St Jude Children’s Research Hospital has opened the world’s first proton therapy centre in Memphis, Tennessee, US, which is dedicated to treating children with cancer.
The new centre, St Jude Red Frog Events Proton Therapy Center, has been built with an investment of $90m.
When designing the centre, St Jude Department of Radiation Oncology chair Thomas Merchant and other researchers worked closely with Hitachi, which produced the hospital’s proton beam system.
The system includes a compact design with a footprint that is 40% smaller than conventional proton beam therapy systems.
The centre has 190° half gantries that provide efficient and spacious treatment room environments suited specifically for paediatric care.
All rooms in the centre are equipped with spot-scanning irradiation, a technology for which Hitachi received the first FDA premarket notification special 510(k) clearance in 2007.
At the centre, patients are currently being treated using precisely delivered, high-energy particles called protons to kill or shrink tumours, while minimising damage to healthy tissue and organs.
For patients with brain tumours and certain other cancers, research suggests proton beam therapy may be more effective than conventional radiation at preventing the growth and spread of tumours, while reducing the risk of treatment-related side effects.
St Jude president James Downing said: "St Jude researchers first used radiation therapy to turn the tide against paediatric cancer decades ago and have continued to help define its optimal use in treatment.
"The opening of the St Jude Red Frog Events Proton Therapy Center marks the next chapter of radiation therapy at St Jude, one that I believe will be another milestone moment in our fight against paediatric cancer."
The centre includes the linear accelerator, a synchrotron, a three-storey rotating gantry, powerful magnets and other equipment necessary to generate and deliver high-energy protons to tumours using small, carefully calibrated beams.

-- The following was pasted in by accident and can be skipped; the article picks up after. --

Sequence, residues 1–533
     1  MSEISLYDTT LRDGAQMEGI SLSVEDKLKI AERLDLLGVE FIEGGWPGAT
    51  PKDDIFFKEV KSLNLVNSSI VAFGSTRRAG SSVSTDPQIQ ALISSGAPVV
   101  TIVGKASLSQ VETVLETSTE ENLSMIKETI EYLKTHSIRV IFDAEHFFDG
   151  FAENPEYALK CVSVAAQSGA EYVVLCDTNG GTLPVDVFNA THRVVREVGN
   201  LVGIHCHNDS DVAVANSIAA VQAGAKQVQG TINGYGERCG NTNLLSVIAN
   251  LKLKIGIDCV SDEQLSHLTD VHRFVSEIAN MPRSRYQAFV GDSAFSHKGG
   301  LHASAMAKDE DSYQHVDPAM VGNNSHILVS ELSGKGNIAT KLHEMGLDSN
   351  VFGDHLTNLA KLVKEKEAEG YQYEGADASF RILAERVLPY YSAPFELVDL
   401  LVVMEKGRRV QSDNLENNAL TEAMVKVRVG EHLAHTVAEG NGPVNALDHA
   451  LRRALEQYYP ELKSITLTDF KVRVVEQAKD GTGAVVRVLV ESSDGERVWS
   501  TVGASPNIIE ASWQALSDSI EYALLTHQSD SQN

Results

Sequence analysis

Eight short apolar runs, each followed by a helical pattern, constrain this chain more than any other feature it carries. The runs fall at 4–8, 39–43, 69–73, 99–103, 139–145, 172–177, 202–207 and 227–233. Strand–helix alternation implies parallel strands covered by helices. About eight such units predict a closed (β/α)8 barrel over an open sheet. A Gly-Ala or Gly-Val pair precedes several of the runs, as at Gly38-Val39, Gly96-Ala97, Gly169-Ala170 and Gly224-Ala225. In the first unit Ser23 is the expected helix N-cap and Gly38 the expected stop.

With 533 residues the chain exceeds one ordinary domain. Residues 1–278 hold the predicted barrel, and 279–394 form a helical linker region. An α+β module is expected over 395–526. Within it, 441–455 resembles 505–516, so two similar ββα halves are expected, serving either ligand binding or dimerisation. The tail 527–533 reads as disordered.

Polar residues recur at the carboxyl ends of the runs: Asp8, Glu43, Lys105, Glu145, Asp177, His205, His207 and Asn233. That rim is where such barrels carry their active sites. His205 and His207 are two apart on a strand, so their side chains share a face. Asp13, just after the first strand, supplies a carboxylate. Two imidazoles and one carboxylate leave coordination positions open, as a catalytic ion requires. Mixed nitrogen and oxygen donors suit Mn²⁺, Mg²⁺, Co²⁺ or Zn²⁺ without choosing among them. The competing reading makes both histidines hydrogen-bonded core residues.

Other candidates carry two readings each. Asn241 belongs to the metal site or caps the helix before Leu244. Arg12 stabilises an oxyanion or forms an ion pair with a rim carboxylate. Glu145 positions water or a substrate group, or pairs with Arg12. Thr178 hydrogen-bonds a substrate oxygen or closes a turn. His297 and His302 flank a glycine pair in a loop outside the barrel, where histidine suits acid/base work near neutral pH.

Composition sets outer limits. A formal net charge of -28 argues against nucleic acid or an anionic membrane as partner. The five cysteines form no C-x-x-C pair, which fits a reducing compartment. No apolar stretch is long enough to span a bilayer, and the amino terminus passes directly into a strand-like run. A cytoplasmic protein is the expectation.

The system features advanced imaging technology, including cone-beam CT to provide a 3D image of the patient’s anatomy to achieve precise positioning for treatment.
The centre also contains three proton therapy treatment rooms, treatment preparation and recovery rooms for patients.
Staff at the new centre includes specialists from oncology, radiation therapy, imaging, nursing and other disciplines.
Red Frog Events co-CEO Ryan Kunkel said: "Since we heard about St Jude Children’s Research Hospital’s plans for the proton therapy centre and the remarkable patient outcomes it could provide, we knew we wanted to make an impact in a big way.
"This revolutionary centre will change the lives of so many families and young patients, and we couldn’t be more proud to stand here today and be part of this."
The new centre is located in the Kay Research and Care Center, which opened this year and also houses a surgery and intensive care unit, the Marlo Thomas Center for Global Education and Collaboration, and other facilities.
Officials of St Jude plan to gradually increase the number of children treated at the newly opened centre.
In addition to brain tumours, proton therapy is used to treat Hodgkin lymphoma and solid tumours as Ewing sarcoma, rhabdomyosarcoma, neuroblastoma and retinoblastoma.
By 2018, officials expect 80% of children receiving radiation therapy at St Jude will receive proton beam therapy.
Image: The system features advanced imaging technology, including cone-beam CT to provide a 3D image of the patient’s anatomy to achieve precise positioning for treatment. Photo: courtesy of St Jude Children’s Research Hospital.